GSA Annual Meeting in Phoenix, Arizona, USA - 2019

Paper No. 212-5
Presentation Time: 3:40 PM


CLAGUE, John J., Simon Fraser University, Mr., 888, 701, West Vancouver, BC V7T0B1, Canada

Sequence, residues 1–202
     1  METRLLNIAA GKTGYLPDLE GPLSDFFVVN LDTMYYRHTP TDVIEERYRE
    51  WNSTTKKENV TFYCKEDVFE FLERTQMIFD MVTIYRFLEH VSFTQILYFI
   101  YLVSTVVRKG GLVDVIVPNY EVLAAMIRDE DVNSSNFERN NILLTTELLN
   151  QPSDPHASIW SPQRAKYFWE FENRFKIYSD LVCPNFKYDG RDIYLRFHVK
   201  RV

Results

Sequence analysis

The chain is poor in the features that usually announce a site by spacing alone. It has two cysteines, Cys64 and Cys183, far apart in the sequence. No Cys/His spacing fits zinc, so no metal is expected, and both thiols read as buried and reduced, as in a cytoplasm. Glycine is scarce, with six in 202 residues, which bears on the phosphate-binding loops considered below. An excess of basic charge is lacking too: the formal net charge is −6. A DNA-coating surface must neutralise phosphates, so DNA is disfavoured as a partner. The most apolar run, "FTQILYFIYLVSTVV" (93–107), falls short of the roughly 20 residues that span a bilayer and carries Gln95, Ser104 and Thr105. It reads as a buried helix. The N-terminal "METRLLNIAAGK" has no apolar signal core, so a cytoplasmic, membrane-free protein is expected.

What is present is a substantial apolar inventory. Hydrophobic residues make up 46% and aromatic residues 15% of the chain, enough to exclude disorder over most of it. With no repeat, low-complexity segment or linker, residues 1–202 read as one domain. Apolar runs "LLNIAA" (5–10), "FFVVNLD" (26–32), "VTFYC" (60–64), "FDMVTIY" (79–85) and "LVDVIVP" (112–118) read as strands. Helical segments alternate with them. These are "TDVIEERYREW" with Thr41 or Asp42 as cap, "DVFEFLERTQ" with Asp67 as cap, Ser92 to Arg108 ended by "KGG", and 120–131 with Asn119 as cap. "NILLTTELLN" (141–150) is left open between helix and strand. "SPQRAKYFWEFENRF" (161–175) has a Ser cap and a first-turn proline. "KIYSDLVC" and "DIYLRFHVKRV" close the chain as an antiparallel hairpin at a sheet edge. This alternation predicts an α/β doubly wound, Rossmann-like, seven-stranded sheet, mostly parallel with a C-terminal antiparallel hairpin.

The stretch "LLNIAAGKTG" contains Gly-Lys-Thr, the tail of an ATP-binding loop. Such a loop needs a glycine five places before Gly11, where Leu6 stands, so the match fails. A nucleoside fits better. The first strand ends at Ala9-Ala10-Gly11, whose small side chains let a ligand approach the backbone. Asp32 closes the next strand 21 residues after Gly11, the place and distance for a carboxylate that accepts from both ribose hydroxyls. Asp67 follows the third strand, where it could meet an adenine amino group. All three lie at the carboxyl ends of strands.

In the 1980s, climate scientists first proposed that anthropogenic greenhouse gas emissions pose a threat to humanity, but they were ignore, dismissed, and even vilified. They argued for a rapid transformation of our energy system by reducing fossil fuel consumption, arguments alarmed those in power as being a threat to the status quo. Powerful forces in government and industry first argued, without evidence, that the science was flawed. Yet, as climate continued to change the public began to pay attention. Industry lobbyists then changed their strategy by arguing that the science, although not flawed, was uncertain and inadequate to force disruptive economic and political changes. Now most people accept the science behind climate change, although remarkably there is a minority of individuals who deny even this indisputable fact. The climate change issue recently has been muddied by a new set of arguments. Many geologists, for example, point out that climate has always changed, but they ignore the scale and rapidly of what is happening in a world inhabited by 7.7 billion people. Another argument is that a warmer climate will, on balance, be beneficial. Although patently false, this assertion is appealing to the average person. Recently, the ‘business-as-usual’ folks have changed their tune yet again. A new arguments is that even if we are changing Earth’s climate, we need not worry because we will find technological solutions that will make the problem go away without the need for a messy economic transformation. They also say there is no need to hurry because we are beginning to see a transformation to an economy powered by wind and solar energy. However, they conveniently ignore the reality that 85% of current (2019) total energy consumption comes from fossil fuels and only 2.6% from solar and wind. Energy economists predict that fossil fuels, barring the technological equivalent of a ‘Hail Mary’ pass, will be the source of more than half of energy consumed by about 9 billion people by the middle of this century. Finally, those opposed to a new energy model know their audience well – few people will make the lifestyle changes required to decarbonize our economy, and politicians and corporations make decisions that favor short-term economic growth over dealing with a long-term crisis. Today, most people accept the fact that anthropogenic greenhouse emissions are changing Earth's climate, but they hear and heed those who argue that a rapid decarbonization of our economy poses a greater threat than climate change itself.
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